Acute Flaccid Myelitis Associated With Enterovirus D68 in Children, Argentina, 2016

Carolina M. Carballo; Marcela García Erro; Nora Sordelli; Gabriel Vazquez; Alicia S. Mistchenko; Claudia Cejas; Manlio Rodriguez; Daniel M. Cisterna; Maria Cecilia Freire; Maria M. Contrini; Eduardo L. Lopez

Disclosures

Emerging Infectious Diseases. 2019;25(3):573-576. 

In This Article

Conclusions

AFM has been associated with different etiologic agents.[1] EV-D68 is a nonpolio enterovirus characterized by affinity for α2–6-linked sialic acids typically found in the upper respiratory tract, making the respiratory tract the preferred target for EV-D68 replication, unlike most enteroviruses, which replicate in the gut.[1,4] Although there is no definitive evidence of causality between EV-D68 and AFM, since the 2014 EV-D68 respiratory outbreak in North America, AFM cases possibly associated with EV-D68 have been reported in the United States, Canada, Australia, Norway, Great Britain, and France.[1,5] We report a cluster of AFM associated with EV-D68 in Argentina; another institution in Argentina (Hospital Garrahan) has also reported a case series of AFM.[6,7]

The cluster in this report occurred over a 3-month period, during the 2016 autumn–winter season, which is the typical enterovirus season in Buenos Aires. Clinical and neurologic findings were similar to those of cases reported in other countries, including URTI preceding the neurologic features.[4,8,9] Patients were admitted with asymmetric, acute, and progressive weakness of limbs; areflexia; and muscle pain. These symptoms have been reported as polio-like syndrome; however, testing and MRI should be performed for multiple viruses, including enteroviruses and EV-D68, to detect distinctive spinal cord lesions. No sensory sensitivity involvement was observed. Two patients had cranial nerve dysfunction. Laboratory findings were similar to those previously described, including CSF abnormalities.[1,4,8]

Different hypotheses to explain difficulties in isolation of EV-D68 have been reported.[4] It is possible that most of the nasopharyngeal specimens in previous studies and in our cluster were taken after 7 days of URTI, when the viral load is usually low, as reported by Imamura et al..[10] In our case series, enterovirus was identified in respiratory secretions in 5 (83.3%) of 6 patients, even though specimen collection was performed >7 days (mean 9 days) after AFM onset (in 1 patient, viral load was too low for genotyping). The negative nasopharyngeal specimen was collected at 18 days after onset.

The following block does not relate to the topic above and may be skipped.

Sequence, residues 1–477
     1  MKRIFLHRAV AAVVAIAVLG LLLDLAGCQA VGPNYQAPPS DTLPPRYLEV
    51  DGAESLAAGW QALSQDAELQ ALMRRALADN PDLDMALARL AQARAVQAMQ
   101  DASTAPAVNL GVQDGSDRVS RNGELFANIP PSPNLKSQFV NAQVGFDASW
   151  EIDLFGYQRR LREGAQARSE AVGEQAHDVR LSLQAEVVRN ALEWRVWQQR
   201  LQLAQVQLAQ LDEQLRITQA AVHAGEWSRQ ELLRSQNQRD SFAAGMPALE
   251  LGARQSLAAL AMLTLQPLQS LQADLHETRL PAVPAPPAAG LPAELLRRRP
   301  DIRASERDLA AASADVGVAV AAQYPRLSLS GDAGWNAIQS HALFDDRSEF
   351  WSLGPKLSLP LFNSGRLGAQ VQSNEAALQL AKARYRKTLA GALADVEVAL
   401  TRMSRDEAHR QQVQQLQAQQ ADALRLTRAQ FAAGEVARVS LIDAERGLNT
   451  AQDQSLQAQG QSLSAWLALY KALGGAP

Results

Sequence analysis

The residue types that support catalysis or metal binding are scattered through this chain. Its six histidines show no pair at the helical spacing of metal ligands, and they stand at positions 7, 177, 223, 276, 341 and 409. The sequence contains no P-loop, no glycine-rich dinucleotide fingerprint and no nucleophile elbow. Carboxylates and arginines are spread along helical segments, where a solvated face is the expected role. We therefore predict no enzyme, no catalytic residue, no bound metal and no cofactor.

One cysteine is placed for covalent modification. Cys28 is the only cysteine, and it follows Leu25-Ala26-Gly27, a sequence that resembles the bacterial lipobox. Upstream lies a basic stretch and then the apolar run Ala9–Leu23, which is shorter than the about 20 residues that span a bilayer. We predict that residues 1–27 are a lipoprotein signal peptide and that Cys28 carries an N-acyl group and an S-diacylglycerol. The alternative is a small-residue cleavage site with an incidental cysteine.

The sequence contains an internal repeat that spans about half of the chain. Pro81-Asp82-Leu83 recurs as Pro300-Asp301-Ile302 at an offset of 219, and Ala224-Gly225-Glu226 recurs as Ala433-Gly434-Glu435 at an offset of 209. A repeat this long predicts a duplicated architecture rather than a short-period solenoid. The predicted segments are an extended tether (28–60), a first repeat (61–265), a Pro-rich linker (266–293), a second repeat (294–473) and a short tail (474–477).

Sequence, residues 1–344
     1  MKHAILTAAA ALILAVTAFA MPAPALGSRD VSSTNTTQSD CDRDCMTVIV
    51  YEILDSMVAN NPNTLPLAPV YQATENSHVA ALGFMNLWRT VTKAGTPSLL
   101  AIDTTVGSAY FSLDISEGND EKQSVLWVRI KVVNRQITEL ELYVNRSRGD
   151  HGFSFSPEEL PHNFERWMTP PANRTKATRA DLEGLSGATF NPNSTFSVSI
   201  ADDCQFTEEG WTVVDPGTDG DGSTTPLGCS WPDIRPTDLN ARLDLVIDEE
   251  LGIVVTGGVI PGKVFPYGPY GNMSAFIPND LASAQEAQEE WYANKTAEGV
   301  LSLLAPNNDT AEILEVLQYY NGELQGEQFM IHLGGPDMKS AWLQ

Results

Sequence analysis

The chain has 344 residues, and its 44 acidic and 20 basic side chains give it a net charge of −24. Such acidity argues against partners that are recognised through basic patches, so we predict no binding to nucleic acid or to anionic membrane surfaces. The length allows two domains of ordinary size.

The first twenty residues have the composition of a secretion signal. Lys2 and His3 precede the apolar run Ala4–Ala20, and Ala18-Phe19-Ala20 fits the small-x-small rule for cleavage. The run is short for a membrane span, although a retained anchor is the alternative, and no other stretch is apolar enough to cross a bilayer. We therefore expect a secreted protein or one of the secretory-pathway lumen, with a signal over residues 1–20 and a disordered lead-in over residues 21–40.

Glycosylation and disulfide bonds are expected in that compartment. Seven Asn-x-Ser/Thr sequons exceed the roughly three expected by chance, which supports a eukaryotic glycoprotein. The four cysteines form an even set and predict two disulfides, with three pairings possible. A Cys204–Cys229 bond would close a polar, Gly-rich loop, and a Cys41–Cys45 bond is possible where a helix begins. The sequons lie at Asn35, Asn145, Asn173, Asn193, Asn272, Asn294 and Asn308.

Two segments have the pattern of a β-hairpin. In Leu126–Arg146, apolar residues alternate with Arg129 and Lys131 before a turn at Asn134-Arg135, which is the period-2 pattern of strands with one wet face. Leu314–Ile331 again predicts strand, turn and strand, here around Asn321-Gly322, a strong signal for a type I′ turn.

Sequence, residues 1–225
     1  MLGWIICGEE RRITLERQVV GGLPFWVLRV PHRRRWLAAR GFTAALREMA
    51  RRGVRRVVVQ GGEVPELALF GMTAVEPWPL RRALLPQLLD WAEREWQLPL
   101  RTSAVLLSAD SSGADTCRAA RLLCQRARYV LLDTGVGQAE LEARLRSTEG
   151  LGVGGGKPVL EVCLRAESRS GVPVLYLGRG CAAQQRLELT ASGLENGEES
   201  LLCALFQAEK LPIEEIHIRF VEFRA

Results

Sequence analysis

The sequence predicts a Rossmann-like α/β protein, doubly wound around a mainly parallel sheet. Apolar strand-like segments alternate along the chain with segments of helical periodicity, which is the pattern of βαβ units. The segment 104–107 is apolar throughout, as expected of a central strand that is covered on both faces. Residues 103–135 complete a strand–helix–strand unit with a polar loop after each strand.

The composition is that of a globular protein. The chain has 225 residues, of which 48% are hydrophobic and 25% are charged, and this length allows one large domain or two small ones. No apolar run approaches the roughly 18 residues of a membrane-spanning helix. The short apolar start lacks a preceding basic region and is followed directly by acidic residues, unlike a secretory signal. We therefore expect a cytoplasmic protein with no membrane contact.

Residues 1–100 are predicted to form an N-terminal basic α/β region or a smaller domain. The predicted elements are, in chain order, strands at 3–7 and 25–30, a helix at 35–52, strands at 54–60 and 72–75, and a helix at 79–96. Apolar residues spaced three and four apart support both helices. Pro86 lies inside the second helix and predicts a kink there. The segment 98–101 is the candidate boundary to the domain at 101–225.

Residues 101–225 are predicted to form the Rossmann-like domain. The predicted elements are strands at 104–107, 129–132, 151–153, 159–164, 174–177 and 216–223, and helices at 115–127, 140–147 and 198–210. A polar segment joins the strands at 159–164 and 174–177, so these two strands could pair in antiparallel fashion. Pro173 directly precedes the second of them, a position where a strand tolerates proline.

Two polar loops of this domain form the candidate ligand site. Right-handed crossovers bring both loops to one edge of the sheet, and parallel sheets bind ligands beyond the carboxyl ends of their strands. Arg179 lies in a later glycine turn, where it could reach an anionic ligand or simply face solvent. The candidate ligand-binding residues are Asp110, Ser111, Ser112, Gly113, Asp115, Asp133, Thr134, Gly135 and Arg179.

Isolation of EV-D68 in fecal samples is uncommon because the virus is both heat and acid labile.[1] However, in 2 (33.3%) of our 6 patients, EV-D68 was identified in fecal samples.

Reported rates of CSF detection of known neurotropic enteroviruses, such as polioviruses and enterovirus A71, are as low as 0%–5%, although viruses could be detected in brain or spinal cord tissue.[4,11] A recent mouse model of AFM caused by EV-D68 showed that EV-D68 infects anterior horn motor neurons, resulting in motor neuron death.[9] In our series, CSF samples tested negative for EV-D68 and other pathogens.

No specific treatment for EV-D68 AFM is available; the US Centers for Disease Control and Prevention recommends only support measures.[7,12] Zhang et al. demonstrated that commercial immunoglobulin contained high levels of neutralizing antibodies against EV-D68 strains during the 2014 outbreak in the United States.[13] No vaccines are available.

EV-D68 belonging to subclade B3 was identified in our cluster by molecular sequencing. This subclade was associated with EV-D68 circulation in the United States and Europe in 2016.[14]

We show a cluster of AFM associated with EV-D68 in Argentina. Our findings contribute to global evidence of EV-D68 as a possible cause of localized polio-like illness.

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